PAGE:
Tom Yates is an NIHR Academic Clinical Fellow and a specialist registrar in infectious diseases and general medicine.
He holds a BSc in Immunology and Cellular Pathology (UCL, 2006), an MSc in Epidemiology (LSHTM, 2012), a Diploma in HIV Management (College of Family Physicians of South Africa, 2014) and a PhD in Epidemiology (UCL, 2016).
Prior to joining Imperial College, Tom was a Visiting Scientist at the KEMRI-Wellcome Trust Research Programme in Kilifi (2016), a Visiting Researcher at the Africa Centre (now part of AHRI) in KwaZulu-Natal (2013-14), and an Honorary Clinical Research Fellow at Oxford Vaccine Group (2010-11).
Tom's research has focused on the epidemiology and control of Mycobacterium tuberculosis in high burden settings (particularly South Africa). Other interests include CMV, randomised controlled trials, Mendelian randomisation and the barriers migrant communities face in accessing NHS services.
He set up and is an active member of North London TB Journal Club. He is an investigator on Umoya omuhle, a collaborative research project investigating nosocomial transmission of Mycobacterium tuberculosis in clinics in South Africa. Tom is currently participating in the NIHR Associate PI scheme for the RECOVERY trial.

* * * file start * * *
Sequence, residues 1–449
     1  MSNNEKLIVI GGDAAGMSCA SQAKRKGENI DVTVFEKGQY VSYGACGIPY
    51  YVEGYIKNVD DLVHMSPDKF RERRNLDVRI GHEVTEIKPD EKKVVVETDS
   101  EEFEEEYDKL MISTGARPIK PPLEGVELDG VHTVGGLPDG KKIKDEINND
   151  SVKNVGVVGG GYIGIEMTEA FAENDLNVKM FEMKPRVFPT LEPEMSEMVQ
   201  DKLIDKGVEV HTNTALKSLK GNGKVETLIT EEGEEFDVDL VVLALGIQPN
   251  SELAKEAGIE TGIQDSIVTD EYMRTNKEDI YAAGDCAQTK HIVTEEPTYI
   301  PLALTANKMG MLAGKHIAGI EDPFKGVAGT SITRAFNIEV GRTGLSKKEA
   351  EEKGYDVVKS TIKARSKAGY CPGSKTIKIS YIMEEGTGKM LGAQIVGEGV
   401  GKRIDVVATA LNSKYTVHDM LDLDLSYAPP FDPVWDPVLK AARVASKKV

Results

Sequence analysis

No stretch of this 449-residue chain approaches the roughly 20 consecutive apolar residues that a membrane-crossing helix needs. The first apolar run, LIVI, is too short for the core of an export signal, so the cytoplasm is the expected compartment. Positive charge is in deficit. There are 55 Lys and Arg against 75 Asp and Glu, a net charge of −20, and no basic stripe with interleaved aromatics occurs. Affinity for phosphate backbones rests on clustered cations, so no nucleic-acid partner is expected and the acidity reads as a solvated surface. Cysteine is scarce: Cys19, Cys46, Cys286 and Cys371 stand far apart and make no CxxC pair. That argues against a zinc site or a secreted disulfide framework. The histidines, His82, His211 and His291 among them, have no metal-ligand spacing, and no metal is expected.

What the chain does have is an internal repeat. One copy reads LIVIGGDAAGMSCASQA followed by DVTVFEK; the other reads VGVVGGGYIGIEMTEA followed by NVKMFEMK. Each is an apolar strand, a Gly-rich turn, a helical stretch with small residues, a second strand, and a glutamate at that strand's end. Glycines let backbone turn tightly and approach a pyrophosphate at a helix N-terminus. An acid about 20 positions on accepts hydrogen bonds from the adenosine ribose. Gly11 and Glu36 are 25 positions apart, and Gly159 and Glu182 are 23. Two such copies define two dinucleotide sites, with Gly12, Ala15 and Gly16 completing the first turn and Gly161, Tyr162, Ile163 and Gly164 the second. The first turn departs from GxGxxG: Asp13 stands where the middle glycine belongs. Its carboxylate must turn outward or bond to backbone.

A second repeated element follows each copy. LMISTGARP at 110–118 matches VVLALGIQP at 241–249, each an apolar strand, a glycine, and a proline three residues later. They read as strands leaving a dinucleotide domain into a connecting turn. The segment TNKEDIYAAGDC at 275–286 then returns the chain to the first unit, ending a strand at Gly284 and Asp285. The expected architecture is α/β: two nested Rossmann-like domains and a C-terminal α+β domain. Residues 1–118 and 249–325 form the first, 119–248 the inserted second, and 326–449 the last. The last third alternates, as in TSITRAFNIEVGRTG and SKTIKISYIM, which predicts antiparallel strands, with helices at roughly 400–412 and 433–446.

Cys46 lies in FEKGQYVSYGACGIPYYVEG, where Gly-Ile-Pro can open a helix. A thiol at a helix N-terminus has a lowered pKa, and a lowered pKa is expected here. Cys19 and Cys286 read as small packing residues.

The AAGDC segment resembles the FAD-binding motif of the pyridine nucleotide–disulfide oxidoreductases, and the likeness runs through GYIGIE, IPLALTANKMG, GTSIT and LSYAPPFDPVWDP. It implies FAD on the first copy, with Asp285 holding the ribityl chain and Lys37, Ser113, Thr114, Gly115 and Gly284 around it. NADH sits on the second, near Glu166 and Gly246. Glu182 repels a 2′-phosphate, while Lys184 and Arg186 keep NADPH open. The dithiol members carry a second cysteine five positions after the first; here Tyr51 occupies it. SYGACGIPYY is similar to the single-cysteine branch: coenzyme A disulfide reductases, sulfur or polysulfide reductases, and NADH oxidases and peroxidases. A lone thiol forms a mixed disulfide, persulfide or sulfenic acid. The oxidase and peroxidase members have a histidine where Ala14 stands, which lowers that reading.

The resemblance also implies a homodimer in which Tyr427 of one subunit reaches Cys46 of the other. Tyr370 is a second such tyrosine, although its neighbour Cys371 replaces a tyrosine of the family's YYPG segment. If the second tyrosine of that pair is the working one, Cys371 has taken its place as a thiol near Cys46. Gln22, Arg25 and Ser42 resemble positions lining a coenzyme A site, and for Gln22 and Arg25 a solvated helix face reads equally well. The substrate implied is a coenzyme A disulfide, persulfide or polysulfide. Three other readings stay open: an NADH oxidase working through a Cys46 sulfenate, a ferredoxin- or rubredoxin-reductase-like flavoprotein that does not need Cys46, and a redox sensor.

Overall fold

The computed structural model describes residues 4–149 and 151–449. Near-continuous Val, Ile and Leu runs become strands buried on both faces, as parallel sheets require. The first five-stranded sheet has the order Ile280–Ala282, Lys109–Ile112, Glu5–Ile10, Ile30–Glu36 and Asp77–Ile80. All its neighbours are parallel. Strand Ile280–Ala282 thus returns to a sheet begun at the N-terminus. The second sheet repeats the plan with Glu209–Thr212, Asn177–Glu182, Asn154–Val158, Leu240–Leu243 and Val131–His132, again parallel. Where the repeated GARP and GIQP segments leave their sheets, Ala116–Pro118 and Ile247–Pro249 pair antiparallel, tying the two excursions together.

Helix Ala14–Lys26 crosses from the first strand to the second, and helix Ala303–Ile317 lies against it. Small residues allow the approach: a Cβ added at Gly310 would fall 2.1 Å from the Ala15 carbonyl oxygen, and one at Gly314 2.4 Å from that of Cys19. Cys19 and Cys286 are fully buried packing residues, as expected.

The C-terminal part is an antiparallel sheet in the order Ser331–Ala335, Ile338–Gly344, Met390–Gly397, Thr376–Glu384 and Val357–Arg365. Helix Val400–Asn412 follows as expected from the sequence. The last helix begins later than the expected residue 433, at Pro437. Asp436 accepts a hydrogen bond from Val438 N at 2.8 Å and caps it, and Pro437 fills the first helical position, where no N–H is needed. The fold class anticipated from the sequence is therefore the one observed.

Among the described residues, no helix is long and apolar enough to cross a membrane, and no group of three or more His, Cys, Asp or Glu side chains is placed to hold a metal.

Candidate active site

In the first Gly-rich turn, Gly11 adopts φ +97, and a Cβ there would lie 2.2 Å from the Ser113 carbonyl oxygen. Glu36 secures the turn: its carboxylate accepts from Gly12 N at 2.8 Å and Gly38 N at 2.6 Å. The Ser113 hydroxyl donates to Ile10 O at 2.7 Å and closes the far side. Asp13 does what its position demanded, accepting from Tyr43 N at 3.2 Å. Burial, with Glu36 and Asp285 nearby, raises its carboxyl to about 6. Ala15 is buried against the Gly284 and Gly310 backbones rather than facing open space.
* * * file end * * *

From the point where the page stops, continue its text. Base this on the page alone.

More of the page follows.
Current funders: NIHR, the UK Medical Research Council, ESRC (via GCRF), and the Colt Foundation. Also supported, in part, by the BRC of Imperial College Healthcare NHS Trust.
et al., 2021, Estimating the contribution of transmission in primary healthcare clinics to community-wide TB disease incidence, and the impact of infection prevention and control interventions, in KwaZulu-Natal, South Africa
et al., 2021, Modelling the effect of infection prevention and control measures on rate of Mycobacterium tuberculosis transmission to clinic attendees in primary health clinics in South Africa
et al., 2021, Waiting times, patient flow, and occupancy density in South African primary health care clinics: implications for infection prevention and control
et al., 2021, Estimating ventilation rates in rooms with varying occupancy levels: Relevance for reducing transmission risk of airborne pathogens, Plos One, Vol:16, ISSN:1932-6203
et al., 2021, An open label, randomised controlled trial of rifapentine versus rifampicin based short course regimens for the treatment of latent tuberculosis in England: the HALT LTBI pilot study, Bmc Infectious Diseases, Vol:21, ISSN:1471-2334